Facebook co-founder: Tax the rich at 50% to give $500-a-month free cash and fix income inequality

Facebook co-founder Chris Hughes argues that the wealthy should pay the government to give cash handouts to those in the lowest income brackets. He argues that it isn’t faire that he only worked for Facebook for three years and earned $430 million based on the value of his initial stock in Facebook, and his “lucky break.”

Hughes, 34, was one of Facebook’s co-founders, along with Mark Zuckerberg and three of their Harvard classmates, in 2004.

He said in a recent Techcrunch “Interesting People in Interesting Times” podcast:

“That is indicative of a fundamental unfairness in our economy. Income inequality in our country has not been this bad since the Great Depression. And even though we’re reading the headlines that unemployment is at 3.9 percent and the stock market is at record highs, what’s actually happening is that the median incomes in our country haven’t budged in nearly 40 years. At the same time stories like mine create an illusion of economic opportunity.”

Hughes, author of “Fair Shot: Rethinking Inequality and How We Earn,” is not an advocate of the universal basic income (UBI) concept, which multi-millionaire and billionaires Andrew Yang, Richard Branson and Mark Zuckerberg support. UBI involves the U.S. government providing standard cash payments to all citizens regardless of their employment status.

Hughes argues the U.S. tax code should be adjusted to give a $500 monthly tax credit to every working American who earns less than $50,000 per year.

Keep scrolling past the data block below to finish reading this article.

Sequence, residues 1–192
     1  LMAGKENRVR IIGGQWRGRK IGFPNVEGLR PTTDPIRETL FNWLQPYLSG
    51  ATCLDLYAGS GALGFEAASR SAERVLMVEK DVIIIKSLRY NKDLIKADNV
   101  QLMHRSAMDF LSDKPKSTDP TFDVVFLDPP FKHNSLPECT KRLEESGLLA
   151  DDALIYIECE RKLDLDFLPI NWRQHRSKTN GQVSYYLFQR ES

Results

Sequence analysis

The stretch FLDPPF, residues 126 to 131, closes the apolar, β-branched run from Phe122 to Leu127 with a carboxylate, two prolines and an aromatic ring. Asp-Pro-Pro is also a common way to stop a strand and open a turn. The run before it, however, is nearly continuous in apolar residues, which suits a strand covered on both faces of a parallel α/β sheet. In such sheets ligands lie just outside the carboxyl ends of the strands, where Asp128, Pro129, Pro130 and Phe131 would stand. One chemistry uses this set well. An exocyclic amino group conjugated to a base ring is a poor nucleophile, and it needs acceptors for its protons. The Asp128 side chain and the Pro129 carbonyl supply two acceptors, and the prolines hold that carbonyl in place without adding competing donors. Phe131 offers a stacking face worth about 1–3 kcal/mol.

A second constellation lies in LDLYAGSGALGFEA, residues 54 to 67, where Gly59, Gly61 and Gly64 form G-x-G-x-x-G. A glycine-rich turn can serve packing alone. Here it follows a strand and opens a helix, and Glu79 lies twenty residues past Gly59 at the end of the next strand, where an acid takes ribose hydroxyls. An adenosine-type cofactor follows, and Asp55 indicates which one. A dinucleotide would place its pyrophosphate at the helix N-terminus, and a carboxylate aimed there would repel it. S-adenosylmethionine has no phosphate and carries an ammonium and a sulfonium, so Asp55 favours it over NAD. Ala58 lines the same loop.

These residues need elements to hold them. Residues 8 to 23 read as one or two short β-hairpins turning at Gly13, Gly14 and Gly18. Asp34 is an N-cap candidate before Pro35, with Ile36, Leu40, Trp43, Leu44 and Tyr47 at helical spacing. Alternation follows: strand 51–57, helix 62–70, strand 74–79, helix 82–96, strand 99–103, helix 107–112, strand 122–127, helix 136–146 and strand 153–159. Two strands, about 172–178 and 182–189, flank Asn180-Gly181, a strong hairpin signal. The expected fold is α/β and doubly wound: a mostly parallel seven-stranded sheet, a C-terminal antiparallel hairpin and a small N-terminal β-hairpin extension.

The plan would cost roughly $290 billion a year in total. How would it be funded? By taxing income and capital gains on all Americans who earn more than $250,000 by 50 percent. Individuals who earn more than $200,000 per year are already taxed at 35 percent.

Hughes also suggests that the government should tax data collectors. “You could tax data and distribute a check to everybody. We all create immense amounts of data. Not just your Facebook post, but your phones know where you are physically, your Fitbit knows your heart rate, your calendar knows where you’re going to be.”

If those companies are making billions of dollars in profits, in part thanks to data collection, Hughes argues, then “there is an opportunity to say: Our collective data is powering these profits, we should all share a little bit in the upside. You could ask these companies to pay a small tax into a sovereign wealth fund and have that be distributed as a data dividend. A check to every single citizen as a recognition of the value they’re creating.”



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